If any board member incurs expenses or financial discrepancies, [he] must disclose [the discrepancy] to settle it properly. One should not act arbitrarily, but should clearly note the monetary amounts within the association records in order to attain the public good and selfless altruism. 

1874: the ending of indenture. 1886: the ending of slavery in Cuba.

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“The written and oral testimonies from the Chinese coolies collected by the Commission constituted a scathing indictment of the Cuban sugar planters and the Spanish authorities on the island. Based on 1,176 individual testimonies made by the coolies, the Commission argued that the employment contracts were virtually meaningless because neither the Spanish authorities nor the Cuban business owners complied with the terms allegedly agreed upon.[61] Almost 90 percent of the Chinese coolies testified that they had been sent to Cuba without their consent. Additionally, upon termination of the contract, the coolies were not freed or provided a means of returning to China; instead, they were held with the assistance of the local Spanish authorities and continued to work in Cuba. Without hope of ever returning to China or gaining their freedom in Cuba, many coolies committed suicide. As a result of these circumstances, less than 2 percent of all Chinese coolies ever saw their homes in China again.[62] With their stacks of documents, the Commission headed back to Washington D.C. to compile and translate its final report.”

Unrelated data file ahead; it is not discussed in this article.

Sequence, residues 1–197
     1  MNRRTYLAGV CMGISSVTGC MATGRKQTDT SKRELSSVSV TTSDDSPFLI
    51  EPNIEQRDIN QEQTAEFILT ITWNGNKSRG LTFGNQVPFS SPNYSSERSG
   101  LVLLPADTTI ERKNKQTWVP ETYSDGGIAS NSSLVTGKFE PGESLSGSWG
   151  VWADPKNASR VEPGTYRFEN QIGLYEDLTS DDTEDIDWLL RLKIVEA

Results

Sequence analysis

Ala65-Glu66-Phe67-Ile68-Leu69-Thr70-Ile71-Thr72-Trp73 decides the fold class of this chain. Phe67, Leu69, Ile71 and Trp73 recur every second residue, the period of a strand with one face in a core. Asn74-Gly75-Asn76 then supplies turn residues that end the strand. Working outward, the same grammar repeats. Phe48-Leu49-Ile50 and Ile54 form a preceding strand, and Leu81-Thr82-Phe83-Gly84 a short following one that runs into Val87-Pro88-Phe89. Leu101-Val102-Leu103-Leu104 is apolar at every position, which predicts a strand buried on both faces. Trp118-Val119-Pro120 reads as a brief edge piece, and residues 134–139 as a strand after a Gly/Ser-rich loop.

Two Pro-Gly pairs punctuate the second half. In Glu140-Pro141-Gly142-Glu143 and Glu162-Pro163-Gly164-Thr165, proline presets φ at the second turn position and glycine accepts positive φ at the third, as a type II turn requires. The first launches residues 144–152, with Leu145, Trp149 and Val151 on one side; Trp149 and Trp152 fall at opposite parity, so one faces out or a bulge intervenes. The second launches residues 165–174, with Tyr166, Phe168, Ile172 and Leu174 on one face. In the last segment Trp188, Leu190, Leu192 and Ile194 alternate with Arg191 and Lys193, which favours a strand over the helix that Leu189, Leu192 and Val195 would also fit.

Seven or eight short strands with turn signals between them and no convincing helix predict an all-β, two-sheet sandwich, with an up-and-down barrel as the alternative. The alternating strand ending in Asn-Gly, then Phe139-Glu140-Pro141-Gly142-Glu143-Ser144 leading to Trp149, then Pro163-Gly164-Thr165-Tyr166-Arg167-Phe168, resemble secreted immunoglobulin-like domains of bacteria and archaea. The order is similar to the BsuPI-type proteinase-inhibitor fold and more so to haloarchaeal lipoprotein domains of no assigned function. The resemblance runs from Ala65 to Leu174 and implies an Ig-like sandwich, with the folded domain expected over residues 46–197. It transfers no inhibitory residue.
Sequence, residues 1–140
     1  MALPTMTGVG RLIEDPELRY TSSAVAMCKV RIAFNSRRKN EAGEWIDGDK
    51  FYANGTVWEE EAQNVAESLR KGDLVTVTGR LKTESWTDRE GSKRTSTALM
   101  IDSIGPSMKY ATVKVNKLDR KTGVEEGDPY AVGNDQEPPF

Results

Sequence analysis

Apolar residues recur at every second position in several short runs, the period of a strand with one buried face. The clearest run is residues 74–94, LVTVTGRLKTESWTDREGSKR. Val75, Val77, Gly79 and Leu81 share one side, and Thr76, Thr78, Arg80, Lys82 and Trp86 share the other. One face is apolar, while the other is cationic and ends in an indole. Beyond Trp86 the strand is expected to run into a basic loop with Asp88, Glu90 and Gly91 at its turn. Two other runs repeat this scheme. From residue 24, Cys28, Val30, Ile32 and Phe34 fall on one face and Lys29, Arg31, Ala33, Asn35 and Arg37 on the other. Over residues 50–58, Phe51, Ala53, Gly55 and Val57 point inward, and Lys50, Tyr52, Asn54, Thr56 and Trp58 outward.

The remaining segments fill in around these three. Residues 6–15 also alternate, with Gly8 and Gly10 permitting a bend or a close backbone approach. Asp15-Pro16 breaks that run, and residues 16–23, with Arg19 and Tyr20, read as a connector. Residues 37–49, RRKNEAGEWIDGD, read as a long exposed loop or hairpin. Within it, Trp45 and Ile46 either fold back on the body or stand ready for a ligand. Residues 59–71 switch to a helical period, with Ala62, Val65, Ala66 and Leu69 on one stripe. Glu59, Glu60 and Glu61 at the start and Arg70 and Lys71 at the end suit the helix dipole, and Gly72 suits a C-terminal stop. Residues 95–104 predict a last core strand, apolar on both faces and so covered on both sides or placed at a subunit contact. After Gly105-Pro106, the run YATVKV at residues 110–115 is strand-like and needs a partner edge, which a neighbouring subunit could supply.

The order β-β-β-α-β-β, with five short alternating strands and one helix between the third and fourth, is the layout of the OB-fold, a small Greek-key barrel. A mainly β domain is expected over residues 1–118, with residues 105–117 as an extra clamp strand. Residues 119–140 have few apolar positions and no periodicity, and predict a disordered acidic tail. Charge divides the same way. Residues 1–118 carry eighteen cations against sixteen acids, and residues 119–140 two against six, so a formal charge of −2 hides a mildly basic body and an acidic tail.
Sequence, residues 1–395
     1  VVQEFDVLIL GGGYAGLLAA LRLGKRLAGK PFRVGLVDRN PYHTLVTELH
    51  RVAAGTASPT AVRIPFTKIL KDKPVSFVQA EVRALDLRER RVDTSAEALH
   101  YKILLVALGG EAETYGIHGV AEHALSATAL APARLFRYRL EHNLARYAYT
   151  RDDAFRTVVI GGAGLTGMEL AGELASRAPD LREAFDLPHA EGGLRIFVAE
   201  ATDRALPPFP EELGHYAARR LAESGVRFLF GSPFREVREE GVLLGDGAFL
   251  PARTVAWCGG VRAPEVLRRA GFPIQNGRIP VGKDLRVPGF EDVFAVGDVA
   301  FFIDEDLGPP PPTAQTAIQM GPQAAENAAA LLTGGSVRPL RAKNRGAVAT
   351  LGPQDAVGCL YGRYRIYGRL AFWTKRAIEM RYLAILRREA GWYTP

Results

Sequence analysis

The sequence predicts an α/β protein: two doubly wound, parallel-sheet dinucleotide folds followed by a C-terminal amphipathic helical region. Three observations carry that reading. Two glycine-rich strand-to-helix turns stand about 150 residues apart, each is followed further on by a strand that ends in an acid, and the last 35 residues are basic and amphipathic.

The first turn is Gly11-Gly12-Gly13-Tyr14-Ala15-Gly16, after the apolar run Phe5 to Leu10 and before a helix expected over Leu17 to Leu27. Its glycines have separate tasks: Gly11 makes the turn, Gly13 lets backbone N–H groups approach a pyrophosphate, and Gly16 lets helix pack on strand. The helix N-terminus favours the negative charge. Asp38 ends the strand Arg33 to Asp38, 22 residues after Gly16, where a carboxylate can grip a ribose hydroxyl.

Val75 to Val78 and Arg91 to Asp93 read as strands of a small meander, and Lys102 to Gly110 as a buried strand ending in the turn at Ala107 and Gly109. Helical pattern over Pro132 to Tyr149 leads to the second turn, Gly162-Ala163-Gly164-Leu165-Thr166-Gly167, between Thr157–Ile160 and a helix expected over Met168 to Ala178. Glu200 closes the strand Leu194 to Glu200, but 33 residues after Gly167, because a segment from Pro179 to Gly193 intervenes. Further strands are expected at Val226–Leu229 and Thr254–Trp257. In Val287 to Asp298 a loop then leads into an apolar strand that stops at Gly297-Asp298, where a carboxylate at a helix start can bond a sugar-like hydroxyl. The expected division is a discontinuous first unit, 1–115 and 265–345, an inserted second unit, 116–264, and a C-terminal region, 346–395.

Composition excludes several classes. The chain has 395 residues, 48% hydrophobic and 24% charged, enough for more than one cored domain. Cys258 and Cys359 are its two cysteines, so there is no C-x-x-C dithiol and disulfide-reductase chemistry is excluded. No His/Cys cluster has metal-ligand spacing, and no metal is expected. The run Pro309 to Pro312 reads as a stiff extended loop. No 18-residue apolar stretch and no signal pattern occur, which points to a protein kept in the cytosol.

61. Cuba Commission Report, 3.
62. Evelyn Hu-Dehart, “Chinese Coolie Labor in Cuba in the Nineteenth Century,” Contributions in Black Studies 12 (1994): 3; Cuba Commission Report, 150–151.

The Chinese Commission to Cuba (1874): Reexamining International Relations in the Nineteenth Century from a Transcultural Perspective

Rudolph Ng

St Catharine’s College, Cambridge – 2014